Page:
I am sure many are familiar with the novel of the same name but I wasn’t and thus I don’t know about the time it was published but a school with children with superpowers, mentored by a super-human and an extremely confusing time-line does sound a bit too familiar in 2016. As I am a fan of Tim Burton, I was very excited but much of it fizzled out after the first half-hour or so. Still, I managed to watch it so here goes.
STORY – Jake, is the grand-son of a mysterious man, Abe. Jake’s parents tell Abe that he has dementia and that is why he tells all those strange stories. One day, Abe is attacked and in his dying hours he gives Jake a cryptic message to go to an island and meet Miss Peregrine and save the Ymbrynes. He convinces his father to travel to Wales and in a chance meet he travels back in time and meets Miss Peregrine and her Peculiars. There he comes to know that there are multiple groups of Peculiars who live in time-loops to stay as immortals and are guarded by these mentors who control these time-loops to save them from the evil Peculiars who want to kill them to eat their eyeballs!? Gross. Now these evil Peculiars have their goons called Hollows who basically carry out their bidding BUT they are invisible. Now, here comes in Jake, who has the same power as his grand-father and that is that he can see those Hollows. So he should help the Peculiars and help preserve their time-loop.
Now, this is a pretty simple story where a misfit is entrusted with a huge burden which he should overcome to be accepted and triumph as a hero. So, to be fair the whole plot is predictable. Still that shouldn’t have been a problem if Tim Burton would have upped the ante and made the whole scheme feel not only a war between Hollows and Peculiars but one which could also affect the mortal world.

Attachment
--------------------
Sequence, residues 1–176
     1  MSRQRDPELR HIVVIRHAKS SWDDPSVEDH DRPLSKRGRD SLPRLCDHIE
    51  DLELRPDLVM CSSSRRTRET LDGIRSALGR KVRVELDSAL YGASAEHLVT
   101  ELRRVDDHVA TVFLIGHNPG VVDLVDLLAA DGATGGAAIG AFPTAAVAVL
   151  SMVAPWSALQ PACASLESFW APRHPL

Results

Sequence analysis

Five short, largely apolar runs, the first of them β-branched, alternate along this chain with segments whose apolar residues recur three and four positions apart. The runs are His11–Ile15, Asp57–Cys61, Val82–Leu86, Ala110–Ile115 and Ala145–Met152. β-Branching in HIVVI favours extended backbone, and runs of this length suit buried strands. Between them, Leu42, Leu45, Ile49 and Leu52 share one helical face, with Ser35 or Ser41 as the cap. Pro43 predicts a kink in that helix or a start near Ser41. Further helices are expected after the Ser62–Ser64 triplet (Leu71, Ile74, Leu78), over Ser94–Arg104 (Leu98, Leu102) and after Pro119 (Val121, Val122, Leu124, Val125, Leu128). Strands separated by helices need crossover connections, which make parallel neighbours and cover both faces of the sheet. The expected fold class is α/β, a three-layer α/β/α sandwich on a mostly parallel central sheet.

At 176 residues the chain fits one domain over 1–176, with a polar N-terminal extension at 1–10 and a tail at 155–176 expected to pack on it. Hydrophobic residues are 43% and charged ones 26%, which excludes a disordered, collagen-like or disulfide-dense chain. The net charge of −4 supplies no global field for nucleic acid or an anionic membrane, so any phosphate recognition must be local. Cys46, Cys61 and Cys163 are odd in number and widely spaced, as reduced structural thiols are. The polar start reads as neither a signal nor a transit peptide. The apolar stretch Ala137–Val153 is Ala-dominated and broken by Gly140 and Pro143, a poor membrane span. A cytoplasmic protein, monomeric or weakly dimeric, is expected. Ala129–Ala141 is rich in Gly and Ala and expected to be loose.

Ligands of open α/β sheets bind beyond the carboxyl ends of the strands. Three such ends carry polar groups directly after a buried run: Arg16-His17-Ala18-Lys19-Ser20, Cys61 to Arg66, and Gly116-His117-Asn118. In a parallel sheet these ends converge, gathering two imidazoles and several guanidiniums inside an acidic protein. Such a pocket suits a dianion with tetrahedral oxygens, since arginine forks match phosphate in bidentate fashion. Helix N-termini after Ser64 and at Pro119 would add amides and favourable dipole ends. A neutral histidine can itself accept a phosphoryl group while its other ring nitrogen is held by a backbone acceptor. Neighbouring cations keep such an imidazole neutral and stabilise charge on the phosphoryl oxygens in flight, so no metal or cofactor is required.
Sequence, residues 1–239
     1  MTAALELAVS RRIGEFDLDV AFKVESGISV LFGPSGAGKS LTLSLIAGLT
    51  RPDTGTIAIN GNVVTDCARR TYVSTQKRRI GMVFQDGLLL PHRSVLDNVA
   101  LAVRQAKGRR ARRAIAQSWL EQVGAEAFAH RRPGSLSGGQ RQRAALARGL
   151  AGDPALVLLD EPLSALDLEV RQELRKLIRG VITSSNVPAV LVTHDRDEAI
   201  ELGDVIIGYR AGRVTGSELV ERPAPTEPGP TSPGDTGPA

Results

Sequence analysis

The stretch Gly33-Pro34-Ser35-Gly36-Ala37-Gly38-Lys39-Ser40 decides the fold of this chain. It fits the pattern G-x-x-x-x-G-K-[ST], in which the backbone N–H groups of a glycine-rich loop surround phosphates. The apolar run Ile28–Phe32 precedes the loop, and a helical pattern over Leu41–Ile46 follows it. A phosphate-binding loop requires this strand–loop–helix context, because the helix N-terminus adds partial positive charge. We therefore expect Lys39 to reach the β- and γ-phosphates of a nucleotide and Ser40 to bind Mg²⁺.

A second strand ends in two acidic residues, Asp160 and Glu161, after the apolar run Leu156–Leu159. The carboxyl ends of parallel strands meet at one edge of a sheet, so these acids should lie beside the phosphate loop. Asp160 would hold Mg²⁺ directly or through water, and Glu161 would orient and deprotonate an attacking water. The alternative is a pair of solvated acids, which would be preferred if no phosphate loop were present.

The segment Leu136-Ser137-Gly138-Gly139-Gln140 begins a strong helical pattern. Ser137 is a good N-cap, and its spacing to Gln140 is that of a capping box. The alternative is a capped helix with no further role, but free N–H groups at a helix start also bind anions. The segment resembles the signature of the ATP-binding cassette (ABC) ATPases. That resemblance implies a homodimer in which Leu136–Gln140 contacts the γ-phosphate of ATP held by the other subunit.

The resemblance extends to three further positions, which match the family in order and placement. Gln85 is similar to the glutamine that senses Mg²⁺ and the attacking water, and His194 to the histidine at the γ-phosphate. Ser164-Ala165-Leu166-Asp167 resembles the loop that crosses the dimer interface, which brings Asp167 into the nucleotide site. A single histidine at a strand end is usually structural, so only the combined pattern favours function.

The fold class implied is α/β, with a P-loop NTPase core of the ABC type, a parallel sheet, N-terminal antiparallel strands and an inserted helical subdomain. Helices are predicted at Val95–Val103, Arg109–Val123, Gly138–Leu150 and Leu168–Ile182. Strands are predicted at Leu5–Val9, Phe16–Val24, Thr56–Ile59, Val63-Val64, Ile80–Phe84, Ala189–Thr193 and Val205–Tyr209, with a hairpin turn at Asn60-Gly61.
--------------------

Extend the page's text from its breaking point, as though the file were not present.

DIRECTION – Tim Burton has a style of his own. A characteristic, dark-humour along with an artificial set which gives the feeling that the film is set in a not-so-realistic place. Here that feeling was a bit diluted in nature. I remember watching Sleepy Hollow and the creepiness factor was so high. Or even a bright movie like Charlie and the Chocolate Factory, with all it’s colours and dance numbers had a creepy feeling to it. Miss Peregrine’s doesn’t live up to that expectation. The outdoor shots feel dull and bland. The time-loop system isn’t established properly leading to fair amount of questions and plot-holes regarding it’s effects. The powers of each of the Peculiars, especially the Twins, aren’t used properly. You can say that it is according to the book, but in the 21st century, you can’t always go by-the-book. People have become far more logical and they can see through shoddy writing. I loved the stop-motion animation that was mixed in with real-life during Enoch’s demonstration of his powers. THAT felt creepy and disturbing.
The finale felt very, very lame. As I said there weren’t any stakes and the use of a single frame for every action, kick, punch didn’t increase the intensity. The CGI was okay. Again, the ending was not clear because the time-loop theory, at least to me, wasn’t explained.
ACTING – Acting was nothing spectacular. Everyone had a one note theme and no wow moment. I particularly loved Pixie Davies as the super-strong girl. She had small moments where she really shone. Hats-off to Cameron King as Millard. Being invisible and still emoting is a difficult job. I was expecting that there will be some scene where he will get to show his face but he didn’t and hats-off to that. The teenage romance of Jake and Emma is so boring, particularly because of Asa Butterfield and Ella Purnell’s lack-lustre performance.It felt unnecessary and avoidable because Asa Butterfield can’t emote when his grandpa is dying, then how is he gonna emote LOVE, which is a difficult emotion in itself.Eva Green and Samuel L. Jackson stroll through their roles as the two opposite poles of this peculiar world.
FINAL VERDICT – The whole film felt very dull and drab. I know, Tim Burton’s movies have that kind of a feeling but usually his movies urge you to snuggle under a blanket in winter and watch his movies because his movies have lot of emotions and plenty of acting which even increase the stakes which are apparently very small. This movie falls flat and to be honest, it was difficult to make my way through this. If you have read the novel and if you think you can connect with it, then sure, go ahead and give it a try. Casual movie-goers can give it a pass.
P.S- I caught a sneaky cameo of Tim Burton. I think I am getting better at this.